Small Blue Thing is a great new read for teenage lovers of supernatural romance. It's the first in a planned trilogy - to be published January next year with book 2, Perfectly Reflected, following in June - and although the story rounds off nicely the reader is left with a chilling taster of what is to follow in book 2.

Maryom's review - 4 stars
Publisher - Nosy Crow
Genre - Teenage (14+), Fantasy, Romance

Perfectly Reflected is now out and about. Check out Maryom's review here Paranormal Thriller

********************** Spoiler alert!! **************************

The comments below contain spoilers so please don't read if you haven't read and don't want to know!!

********************** Spoiler alert!! **************************

Friday 17 September 2010

True Things About Me by Deborah Kay Davies

Happy ever after - not !
Review by Maryom

The story of a young woman who embarks on a spontaneous sexual relationship with a stranger. It's told in the first person by this un-named woman but the reader is soon aware of how abusive and manipulative this man is. Friends, family and work are abandoned and deceived as her whole life comes to revolve around the time spent with him. Her best friend, Alison, is dragged in to covering for increasing work absences and knows something is wrong but fails to understand the depths to which she's plunged through this obsession. In her saner moments the narrator realises she should cut herself loose but finds it impossible - something always draws her back.

Did I enjoy it? Well, enjoy doesn't seem to be the right word for it. It's most certainly NOT a feel-good novel - not one in which having fallen instantly for each other the hero and heroine walk off hand in hand into the sunset. It's a dark, menacing, disturbing read - very much an adult novel with adult theme and content. The characters are all too believable - I frequently wanted to give the woman a shake and tell her to stop this nonsense before it was too late. Having said that it's a very compelling read - though perhaps compelling in the way that watching an accident waiting to happen is. .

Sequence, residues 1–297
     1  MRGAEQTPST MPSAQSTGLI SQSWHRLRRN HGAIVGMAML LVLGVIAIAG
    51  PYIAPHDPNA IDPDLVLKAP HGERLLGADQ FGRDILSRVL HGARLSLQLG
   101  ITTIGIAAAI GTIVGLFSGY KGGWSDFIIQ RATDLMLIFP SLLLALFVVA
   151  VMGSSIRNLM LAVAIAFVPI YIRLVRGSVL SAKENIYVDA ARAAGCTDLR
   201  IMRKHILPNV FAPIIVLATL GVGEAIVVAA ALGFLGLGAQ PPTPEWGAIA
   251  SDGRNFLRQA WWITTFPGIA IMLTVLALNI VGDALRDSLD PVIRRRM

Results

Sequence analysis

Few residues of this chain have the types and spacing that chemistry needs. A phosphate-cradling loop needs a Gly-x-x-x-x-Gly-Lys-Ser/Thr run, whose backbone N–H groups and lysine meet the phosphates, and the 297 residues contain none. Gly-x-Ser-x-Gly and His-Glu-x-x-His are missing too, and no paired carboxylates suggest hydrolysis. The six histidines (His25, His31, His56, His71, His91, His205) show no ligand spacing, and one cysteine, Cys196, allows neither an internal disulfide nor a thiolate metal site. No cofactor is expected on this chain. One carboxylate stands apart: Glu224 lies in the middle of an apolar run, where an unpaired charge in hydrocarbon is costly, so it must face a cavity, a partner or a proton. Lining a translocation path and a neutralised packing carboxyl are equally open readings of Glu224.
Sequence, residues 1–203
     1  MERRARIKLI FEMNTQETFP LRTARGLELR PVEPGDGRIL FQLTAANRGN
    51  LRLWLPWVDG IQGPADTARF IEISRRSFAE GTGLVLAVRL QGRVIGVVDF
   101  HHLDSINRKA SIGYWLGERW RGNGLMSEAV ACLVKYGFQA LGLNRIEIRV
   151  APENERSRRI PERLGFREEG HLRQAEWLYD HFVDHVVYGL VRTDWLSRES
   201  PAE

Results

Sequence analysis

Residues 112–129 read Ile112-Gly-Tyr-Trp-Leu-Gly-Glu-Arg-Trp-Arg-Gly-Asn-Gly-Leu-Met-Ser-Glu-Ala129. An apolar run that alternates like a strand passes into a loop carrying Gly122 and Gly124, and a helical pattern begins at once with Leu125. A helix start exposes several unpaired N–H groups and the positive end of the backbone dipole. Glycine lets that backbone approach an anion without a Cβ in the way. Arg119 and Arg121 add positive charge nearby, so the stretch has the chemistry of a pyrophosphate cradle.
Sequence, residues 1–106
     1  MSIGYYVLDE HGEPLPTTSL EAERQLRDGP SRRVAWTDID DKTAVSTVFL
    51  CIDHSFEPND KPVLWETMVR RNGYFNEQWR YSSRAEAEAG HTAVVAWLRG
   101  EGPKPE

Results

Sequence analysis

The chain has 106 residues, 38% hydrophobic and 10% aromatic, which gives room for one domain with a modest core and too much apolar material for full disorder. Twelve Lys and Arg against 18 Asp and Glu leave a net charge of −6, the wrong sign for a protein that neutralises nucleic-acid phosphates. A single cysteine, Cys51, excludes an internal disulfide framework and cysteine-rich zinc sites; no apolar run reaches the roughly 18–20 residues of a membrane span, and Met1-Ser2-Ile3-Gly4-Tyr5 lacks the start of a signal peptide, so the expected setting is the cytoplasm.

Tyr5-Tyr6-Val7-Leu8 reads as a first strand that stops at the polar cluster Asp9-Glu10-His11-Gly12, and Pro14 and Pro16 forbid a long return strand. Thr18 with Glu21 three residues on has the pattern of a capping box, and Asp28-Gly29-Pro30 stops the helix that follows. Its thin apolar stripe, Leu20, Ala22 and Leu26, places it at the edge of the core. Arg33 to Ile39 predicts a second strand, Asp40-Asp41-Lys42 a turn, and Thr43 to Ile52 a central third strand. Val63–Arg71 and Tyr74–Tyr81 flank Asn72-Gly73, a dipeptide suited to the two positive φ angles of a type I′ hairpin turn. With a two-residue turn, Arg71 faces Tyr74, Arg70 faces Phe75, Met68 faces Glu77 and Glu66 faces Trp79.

Maryom's review - 4 stars
Publisher - Canon Gate
Genre - Adults Thriller

Buy True Things About Me from Amazon

Wednesday 15 September 2010

A Most Improper Magick by Stephanie Burgis

Most Unladylike
Review by TheMole

I am not one to read period novels normally, whereas Stephanie Burgis is in love with Regency England and has read Jane Austen and Georgette Hayer. This lead me to pick this book up with a little trepidation.

Kat Stephenson cannot remember her mother and her stepmother keeps everything that belonged to her mother under lock and key away from both her and her sisters. Kat is 12 and her elder sister is about to become engaged to a man with a notorious reputation in order to secure the financial future of Kat's family. Kat cannot this permit to happen so she cut's off her hair and runs away to get a job as a boy and earn the money that the family need thereby saving her sister's need to wed. All does not go to plan and Kat finally resorts to Magic. This magic though... not the click your fingers "whoops you're a toad" type - no, a very different type and Kat has to find a way to use it to her advantage.

My early fears were quickly put aside as I read on. The book is not stuffy Regency but easy to read modern style and while the other characters are totally plausible as modern day portrayals of wheat we believe Regency folk were like Kat is not. Kat feels very much like a modern girl dropped into a Regency setting. She is a free spirit that is in need of constant reminders of proper etiquette and manners. This makes her a very accessible character that is easy to become a friend and supporter of as she sets about trying to put the world to rights.

A hugely fun and easy read that will have it's young readers coming back for more. Highly recommended for young girls on their upcoming Christmas lists!

TheMole's review - 4 stars
Publisher - Templar Publishing
Genre - Children's Fantasy (8+)

A Most Improper Magick can be bought from Amazon

Friday 10 September 2010

Midges by Alasdair Roberts

review by Maryom

A wet, midge-infested afternoon in a holiday cottage on Skye, so checking out the book shelves - just the thing! A book on midges!
A short book in which you can learn everything you needed to know about the evil midge - its life cycle, history, its relationship with royalty and tourists - and, importantly, possible ways to avoid it.
A good mix of humour and fact about this pest. I'd always assumed that the midge had been an unpleasant fact of Highland summers forever, but Alasdair Roberts puts forward a theory that until the mid 19th century they were hardly considered as a problem! Wish I'd visited then.
As for 'how to avoid the midge' - just don't combine two popular methods - wearing a necktie soaked in paraffin and repelling them with fire or cigarette smoke.
An amusing read for a holiday afternoon. Fortunately, the sun returned on the next day and the midges disappeared.

Maryom's review - 3.5 stars
Publisher - Birlinn Ltd
Genre - Non Fiction

Midges can be purchased from Amazon

Monday 6 September 2010

Portrait of the Mother as a Young Woman by Friedrich Christian Delius

"Thought provoking, well designed, short".
review by Maryom

A young German woman, 8 months pregnant with her first child, walks through Rome one sunny afternoon in January 1943 to listen to a musical recital at a church. Is that really it? Well, obviously not.